Jordanian Futurities Between Ancient Antiquities and Performances of Urban Life
Program Quick Facts
- Location: Amman, Jerash, and Petra, Jordan
- Stanford Faculty Leader: Samer Al-Saber
- BOSP Program Manager: Morgan Diamond [Email] [Schedule Appointment]
- Program dates: August 27 - September 16, 2022
- Program Cost: $600 program fee; please visit the Overview page for complete information about the program fee structure and financial assistance
- Academic Prerequisites: N/A
- Activity Level: Light/Moderate. Activities may include city walking tours, easy/short hikes, museum and other site visits as well as an occasional physical activity such as snorkeling, hiking, or kayaking.
- Center for Disease Control and Prevention: Health Information for Travelers to Jordan
- US State Department Country Information: Jordan International Travel Information
- Visa Information: Embassy of Jordan
- Application Deadline: Sunday, January 23, 2022 at 11:59pm PT
Present day Hashemite Kingdom of Jordan is the site of remarkable civilizations of Antiquity. In Jordan, Eastern civilizations of Ammon, Moab, Canaan, Assyria, and Babylon thrived as did the Romans and the Persians. Today, the most visible of Jordan’s ancient world are the Roman, Nabatean, and Islamic civilizations. The proposed course takes cultural artifacts as the foundational blocks of the Levant, asking a fundamental question about how a contemporary state exists on top and beside the ancient past, by exploring three cities: Petra, Jerash, and Amman. All three cities have large Amphitheatres that suggest a particular pattern of growth over time, and play a major role in how these cities function today as tourist attractions and a geography for performances of everyday life. In these three case studies, students will investigate how performances of everyday life, along with culture in its broadest definition, have shaped the destiny of the Levant historically and influenced the present day Hashemite Kingdom.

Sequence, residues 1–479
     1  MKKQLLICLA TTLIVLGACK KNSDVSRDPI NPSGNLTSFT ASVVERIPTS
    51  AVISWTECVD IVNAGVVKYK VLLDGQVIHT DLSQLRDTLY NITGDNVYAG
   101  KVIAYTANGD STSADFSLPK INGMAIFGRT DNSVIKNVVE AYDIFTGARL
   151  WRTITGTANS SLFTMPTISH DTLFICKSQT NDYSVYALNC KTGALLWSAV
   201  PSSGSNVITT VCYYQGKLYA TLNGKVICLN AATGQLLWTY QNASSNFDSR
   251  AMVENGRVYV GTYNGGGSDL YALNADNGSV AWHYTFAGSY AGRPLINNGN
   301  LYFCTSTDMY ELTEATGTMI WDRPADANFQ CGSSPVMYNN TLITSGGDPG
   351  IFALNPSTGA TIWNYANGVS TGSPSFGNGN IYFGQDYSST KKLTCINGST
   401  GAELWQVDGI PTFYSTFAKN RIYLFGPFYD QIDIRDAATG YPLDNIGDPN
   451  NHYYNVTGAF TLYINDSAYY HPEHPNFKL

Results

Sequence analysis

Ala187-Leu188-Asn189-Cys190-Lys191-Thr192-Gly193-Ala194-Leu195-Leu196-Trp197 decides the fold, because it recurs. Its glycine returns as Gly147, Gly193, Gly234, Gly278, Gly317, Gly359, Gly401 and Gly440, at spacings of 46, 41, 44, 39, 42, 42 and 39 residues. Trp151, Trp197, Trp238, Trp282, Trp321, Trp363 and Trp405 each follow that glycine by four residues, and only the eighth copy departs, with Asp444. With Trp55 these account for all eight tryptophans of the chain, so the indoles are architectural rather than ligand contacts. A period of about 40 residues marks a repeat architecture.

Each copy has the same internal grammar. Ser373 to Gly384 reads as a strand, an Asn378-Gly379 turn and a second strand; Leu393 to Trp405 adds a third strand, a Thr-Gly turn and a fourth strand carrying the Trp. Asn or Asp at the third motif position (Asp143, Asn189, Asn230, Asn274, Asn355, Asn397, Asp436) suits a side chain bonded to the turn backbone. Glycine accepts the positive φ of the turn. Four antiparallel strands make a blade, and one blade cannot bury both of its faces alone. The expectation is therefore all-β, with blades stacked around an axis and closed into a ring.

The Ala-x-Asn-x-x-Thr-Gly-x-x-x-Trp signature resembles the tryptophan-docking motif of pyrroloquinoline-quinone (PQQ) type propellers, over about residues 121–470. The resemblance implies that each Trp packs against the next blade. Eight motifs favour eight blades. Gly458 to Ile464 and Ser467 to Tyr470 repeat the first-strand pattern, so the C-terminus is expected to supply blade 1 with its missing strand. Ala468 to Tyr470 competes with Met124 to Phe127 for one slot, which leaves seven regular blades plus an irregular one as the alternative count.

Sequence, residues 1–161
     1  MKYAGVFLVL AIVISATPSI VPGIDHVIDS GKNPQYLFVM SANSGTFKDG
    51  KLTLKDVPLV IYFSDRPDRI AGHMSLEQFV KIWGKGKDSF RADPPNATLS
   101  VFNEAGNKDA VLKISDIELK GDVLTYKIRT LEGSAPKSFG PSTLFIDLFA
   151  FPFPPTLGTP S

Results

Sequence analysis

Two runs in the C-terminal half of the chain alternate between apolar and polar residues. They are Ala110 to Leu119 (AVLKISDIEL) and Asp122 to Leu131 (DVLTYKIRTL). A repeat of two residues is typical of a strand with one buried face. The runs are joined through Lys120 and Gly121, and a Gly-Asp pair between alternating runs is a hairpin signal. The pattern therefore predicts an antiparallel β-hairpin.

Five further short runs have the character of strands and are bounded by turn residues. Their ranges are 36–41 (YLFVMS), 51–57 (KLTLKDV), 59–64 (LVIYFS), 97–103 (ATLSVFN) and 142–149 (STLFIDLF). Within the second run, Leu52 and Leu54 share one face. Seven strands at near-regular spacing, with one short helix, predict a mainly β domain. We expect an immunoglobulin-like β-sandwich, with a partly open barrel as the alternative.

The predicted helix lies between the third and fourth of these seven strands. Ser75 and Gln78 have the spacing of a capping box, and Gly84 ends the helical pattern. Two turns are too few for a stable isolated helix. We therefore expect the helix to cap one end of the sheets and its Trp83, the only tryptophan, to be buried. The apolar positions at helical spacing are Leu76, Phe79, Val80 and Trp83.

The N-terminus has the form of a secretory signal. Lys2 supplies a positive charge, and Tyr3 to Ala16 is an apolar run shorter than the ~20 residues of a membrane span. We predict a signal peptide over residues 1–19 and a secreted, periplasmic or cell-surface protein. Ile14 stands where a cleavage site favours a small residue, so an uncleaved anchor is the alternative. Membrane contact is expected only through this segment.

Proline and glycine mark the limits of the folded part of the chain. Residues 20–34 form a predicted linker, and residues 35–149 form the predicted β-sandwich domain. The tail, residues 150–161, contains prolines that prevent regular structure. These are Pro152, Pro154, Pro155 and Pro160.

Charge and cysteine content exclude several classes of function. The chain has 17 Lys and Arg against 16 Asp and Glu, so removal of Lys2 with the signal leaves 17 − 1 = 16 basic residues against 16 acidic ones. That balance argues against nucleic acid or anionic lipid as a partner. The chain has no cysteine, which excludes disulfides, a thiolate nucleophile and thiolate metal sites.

How did three major metropolitan cities that stretch back to antiquity develop into very different urban living spaces today? Why do all of them have a massive theatre in their midst? What conclusions can be drawn from the stunted development of Petra, the semi-developed city of Jerash, and the highly developed capital city, Amman?
Through essential critical readings by leading scholars such as Henri Lefebvre, Michel De Certeau, archaeological surveys by Rami Khouri, Arthur Segal, and Ian Browning, and the historical narrative by Philip Robins A History Of Jordan, students will critically encounter three sites that equally straddle the past and present. These foundational readings will set the stage for site visits, including guided tours, that will encourage students to explore their own readings of how space is produced and performed. Each site visit is anchored by a major theatre where a city can be read in relation to performance, architecture, and urban life. By the end of this course, students will be able to read theatrical and urban spaces in historical terms. The main objective of the course is to observe and narrate on the ground how history and culture shape the footprint of human civilization.